On New Year’s Day, 1949, James Mangan went to the Cook County recorder of deeds and registered his own country. The Nation of Celestia, he said, encompassed all of outer space. He was claiming it, as “founder and first representative,” to prevent anyone else from establishing political hegemony there.
Mangan wasn’t shy about it, either. Later that year he informed the United States, the Soviet Union, the United Kingdom, and the United Nations that he was banning atmospheric nuclear tests, and he sent angry letters to the Americans and the Soviets when their space flights infringed on his “territory.” He even briefly got the U.N. to add the Celestian flag to those of its member nations.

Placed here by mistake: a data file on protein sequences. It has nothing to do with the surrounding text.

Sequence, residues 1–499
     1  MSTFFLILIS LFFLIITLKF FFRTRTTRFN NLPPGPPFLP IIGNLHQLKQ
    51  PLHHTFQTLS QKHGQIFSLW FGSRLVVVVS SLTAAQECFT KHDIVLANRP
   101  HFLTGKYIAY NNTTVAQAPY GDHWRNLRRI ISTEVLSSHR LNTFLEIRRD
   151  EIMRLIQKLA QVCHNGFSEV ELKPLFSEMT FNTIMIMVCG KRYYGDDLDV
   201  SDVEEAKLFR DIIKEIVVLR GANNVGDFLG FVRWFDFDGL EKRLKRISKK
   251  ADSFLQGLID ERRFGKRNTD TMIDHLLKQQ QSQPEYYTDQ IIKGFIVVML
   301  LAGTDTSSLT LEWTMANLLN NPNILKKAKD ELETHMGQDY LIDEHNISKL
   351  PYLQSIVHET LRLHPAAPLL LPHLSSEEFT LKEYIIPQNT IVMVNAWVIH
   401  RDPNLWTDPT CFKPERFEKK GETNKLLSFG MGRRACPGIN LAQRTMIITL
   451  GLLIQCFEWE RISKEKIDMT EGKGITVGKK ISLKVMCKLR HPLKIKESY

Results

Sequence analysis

Still, the idea never caught on, it largely died with its founder. All that’s left are some stamps, coins (“celestons”), and the titles Mangan gave to his grandsons: Glen Stump, “Duke of Selenia,” Dean Stump, “Duke of Mars,” and Todd Stump, “Duke of the Milky Way.”